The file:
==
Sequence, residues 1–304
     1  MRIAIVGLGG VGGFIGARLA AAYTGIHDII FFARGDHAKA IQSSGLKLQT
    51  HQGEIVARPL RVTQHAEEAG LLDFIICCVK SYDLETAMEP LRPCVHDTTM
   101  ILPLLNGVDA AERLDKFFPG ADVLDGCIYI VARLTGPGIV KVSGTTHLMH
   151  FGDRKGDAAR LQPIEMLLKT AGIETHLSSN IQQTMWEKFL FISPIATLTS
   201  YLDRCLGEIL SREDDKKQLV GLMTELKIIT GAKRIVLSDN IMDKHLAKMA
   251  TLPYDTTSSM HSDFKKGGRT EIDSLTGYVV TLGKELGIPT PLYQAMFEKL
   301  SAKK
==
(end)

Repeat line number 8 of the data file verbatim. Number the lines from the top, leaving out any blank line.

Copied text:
   301  SAKK